Leetcode 1600. Throne Inheritance

Problem Explanation

Let's understand this problem by dissecting it slightly. The Kingdom is a family tree that starts with the King, and each node in the tree is a person who at some point can have children who are the next nodes, also when a person dies it does not remove the person from the tree, it simply marks the person as dead. These actions form the context of the kingdom with births and deaths occurring.

In addition, each node can have multiple children but there's an order of precedence, which is by age, older siblings are higher on the succession line than younger siblings. In essence, the problem is about a recursive search through a tree with a specific condition determining the order of the search.

For instance, if we consider an example of a kingdom with the king as the only person initially:

  • We initialized a new ThroneInheritance object with the king's name, then the king had 3 children (Andy, Bob, and Catherine) in that order. Then,
    Andy also had a child (Matthew), Bob had two children (Alice and Asha). The order of inheritance then becomes: king->andy->Matthew->bob->Alice->Asha->catherine.

If Bob dies at this point, he is marked as dead and the new order of inheritance becomes: king->andy->Matthew->Alice->Asha->catherine However, if Bob is later alive, the order of inheritance changes back to the initial order.

Solution Approach

The solution approach to this problem can be approached by using Depth-First Search (DFS) algorithm in recursion. DFS algorithm is a traversal or search algorithm that uses a stack data structure to explore all the nodes by going forward if possible, else by backtracking. In addition, the structure of the family is modelled as a graph using unordered_map and unordered_set in C++. The inheritance order is obtained by doing a DFS on the family tree, excluding the dead.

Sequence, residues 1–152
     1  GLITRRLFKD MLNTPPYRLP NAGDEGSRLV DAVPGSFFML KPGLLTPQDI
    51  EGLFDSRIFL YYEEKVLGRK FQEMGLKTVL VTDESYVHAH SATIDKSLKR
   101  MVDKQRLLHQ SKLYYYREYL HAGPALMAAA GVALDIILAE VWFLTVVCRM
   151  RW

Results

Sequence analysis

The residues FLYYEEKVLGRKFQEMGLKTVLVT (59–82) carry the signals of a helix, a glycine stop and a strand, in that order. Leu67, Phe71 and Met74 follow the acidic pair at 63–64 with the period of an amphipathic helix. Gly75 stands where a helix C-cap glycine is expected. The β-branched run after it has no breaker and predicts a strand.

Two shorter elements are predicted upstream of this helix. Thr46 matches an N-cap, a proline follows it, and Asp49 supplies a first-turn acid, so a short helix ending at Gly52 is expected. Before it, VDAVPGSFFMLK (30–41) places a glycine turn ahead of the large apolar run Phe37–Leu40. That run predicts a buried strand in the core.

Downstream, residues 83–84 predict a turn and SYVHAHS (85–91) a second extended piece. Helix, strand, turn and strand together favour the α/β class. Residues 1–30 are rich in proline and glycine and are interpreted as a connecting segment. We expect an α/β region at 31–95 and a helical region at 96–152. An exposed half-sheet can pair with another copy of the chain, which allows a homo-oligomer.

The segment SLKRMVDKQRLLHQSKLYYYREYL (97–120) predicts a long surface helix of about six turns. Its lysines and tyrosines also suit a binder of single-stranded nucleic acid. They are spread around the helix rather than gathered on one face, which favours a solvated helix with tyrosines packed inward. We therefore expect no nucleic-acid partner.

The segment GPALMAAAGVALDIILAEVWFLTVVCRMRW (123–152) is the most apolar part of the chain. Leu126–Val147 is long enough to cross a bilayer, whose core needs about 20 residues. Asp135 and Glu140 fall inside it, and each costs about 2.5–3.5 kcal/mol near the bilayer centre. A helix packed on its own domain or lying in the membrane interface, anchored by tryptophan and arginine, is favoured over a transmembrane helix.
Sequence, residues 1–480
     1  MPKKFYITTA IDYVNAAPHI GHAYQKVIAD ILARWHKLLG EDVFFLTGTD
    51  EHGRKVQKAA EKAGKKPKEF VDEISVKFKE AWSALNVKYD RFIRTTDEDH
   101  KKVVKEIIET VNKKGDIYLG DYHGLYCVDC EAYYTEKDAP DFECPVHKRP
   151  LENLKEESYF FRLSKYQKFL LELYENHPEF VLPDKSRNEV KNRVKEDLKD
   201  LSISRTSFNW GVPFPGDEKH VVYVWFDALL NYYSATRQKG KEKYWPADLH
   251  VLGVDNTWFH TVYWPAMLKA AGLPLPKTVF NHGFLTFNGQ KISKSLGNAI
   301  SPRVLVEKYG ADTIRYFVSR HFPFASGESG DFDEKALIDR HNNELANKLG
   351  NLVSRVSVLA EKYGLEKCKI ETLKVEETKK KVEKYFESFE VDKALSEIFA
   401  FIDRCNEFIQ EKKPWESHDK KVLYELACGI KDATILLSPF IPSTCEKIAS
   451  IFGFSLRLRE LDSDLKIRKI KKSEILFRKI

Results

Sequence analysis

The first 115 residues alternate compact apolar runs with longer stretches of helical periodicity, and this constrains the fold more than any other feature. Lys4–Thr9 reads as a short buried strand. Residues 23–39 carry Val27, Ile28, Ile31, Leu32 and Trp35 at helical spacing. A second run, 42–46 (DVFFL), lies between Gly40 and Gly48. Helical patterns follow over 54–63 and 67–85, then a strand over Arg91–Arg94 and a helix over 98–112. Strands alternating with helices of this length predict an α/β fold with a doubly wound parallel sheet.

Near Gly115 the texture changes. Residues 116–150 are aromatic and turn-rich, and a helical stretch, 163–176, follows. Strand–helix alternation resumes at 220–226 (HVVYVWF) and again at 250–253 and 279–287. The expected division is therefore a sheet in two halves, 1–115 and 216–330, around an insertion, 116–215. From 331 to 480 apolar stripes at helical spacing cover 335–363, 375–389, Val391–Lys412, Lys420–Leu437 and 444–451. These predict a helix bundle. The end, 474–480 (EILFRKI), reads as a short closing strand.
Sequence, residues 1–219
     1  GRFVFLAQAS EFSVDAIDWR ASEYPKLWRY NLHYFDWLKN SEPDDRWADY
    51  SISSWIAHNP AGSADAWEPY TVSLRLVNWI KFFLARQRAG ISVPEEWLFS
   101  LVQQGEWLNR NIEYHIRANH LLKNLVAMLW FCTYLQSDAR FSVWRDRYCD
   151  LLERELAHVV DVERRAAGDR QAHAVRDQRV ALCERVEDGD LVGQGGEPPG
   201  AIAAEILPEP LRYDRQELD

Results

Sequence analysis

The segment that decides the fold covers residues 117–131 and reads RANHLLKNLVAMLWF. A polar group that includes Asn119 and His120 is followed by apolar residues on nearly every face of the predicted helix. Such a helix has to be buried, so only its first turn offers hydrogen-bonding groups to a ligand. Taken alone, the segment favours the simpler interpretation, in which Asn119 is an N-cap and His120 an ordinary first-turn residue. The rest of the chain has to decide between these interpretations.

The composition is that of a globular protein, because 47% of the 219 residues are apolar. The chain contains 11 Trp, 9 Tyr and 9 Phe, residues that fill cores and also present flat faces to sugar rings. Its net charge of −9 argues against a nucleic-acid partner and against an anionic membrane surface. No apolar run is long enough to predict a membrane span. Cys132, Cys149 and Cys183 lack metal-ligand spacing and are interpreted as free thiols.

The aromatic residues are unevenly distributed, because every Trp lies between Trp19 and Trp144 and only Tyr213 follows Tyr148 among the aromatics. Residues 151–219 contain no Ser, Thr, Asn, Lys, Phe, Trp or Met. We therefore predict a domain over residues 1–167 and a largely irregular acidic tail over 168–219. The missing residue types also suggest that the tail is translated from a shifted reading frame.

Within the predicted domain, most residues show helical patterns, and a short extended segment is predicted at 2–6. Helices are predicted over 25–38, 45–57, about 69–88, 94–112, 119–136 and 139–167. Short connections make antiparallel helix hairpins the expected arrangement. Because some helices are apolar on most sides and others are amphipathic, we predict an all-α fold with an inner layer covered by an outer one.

3class ThroneInheritance:
4    def __init__(self, kingName: str):
5        self.king = kingName
6        self.dead = set()
7        self.children = defaultdict(list)
9    def birth(self, parentName: str, childName: str) -> None:
10        self.children[parentName].append(childName)
12    def death(self, name: str) -> None:
13        self.dead.add(name)
15    def getInheritanceOrder(self) -> List[str]:
16        res = []
17        def dfs(name): # Helper function for DFS traversal
18            if name not in self.dead:
19                res.append(name)
20            for child in self.children[name]:
21                dfs(child)
22        dfs(self.king) # Perform DFS from king
23        return res


3// Creating family as an adjacency list, marking death in a hash set. 
4// Get Inheritance order using DFS.
5class ThroneInheritance {
6    Map<String, List<String>> children = new HashMap<>();
7    Set<String> death = new HashSet<>();
8    String king;
10    public ThroneInheritance(String king) {
11        this.king = king;
12    }
14    public void birth(String parent, String child) {
15        children.computeIfAbsent(parent, k -> new ArrayList<>()).add(child);
16    }
18    public void death(String person) {
19        death.add(person);
20    }
22    public List<String> getInheritanceOrder() {
23        List<String> order = new ArrayList<>();
24        dfs(king, order);
25        return order;
26    }
28    private void dfs(String curr, List<String> order) {
29        if (!death.contains(curr))
30            order.add(curr);
31        for (String child : children.getOrDefault(curr, new ArrayList<>()))
32            dfs(child, order);
33    }


3class ThroneInheritance {
4    constructor(kingName) {
5        this.kingName = kingName
6        this.map = new Map
7        this.dead = new Set
8    }
10    birth(parentName, childName) {
11        if (!this.map.has(parentName)) this.map.set(parentName, [])
12        this.map.get(parentName).push(childName)
13    }
15    death(name) {
16        this.dead.add(name)
17    }
19    getInheritanceOrder() {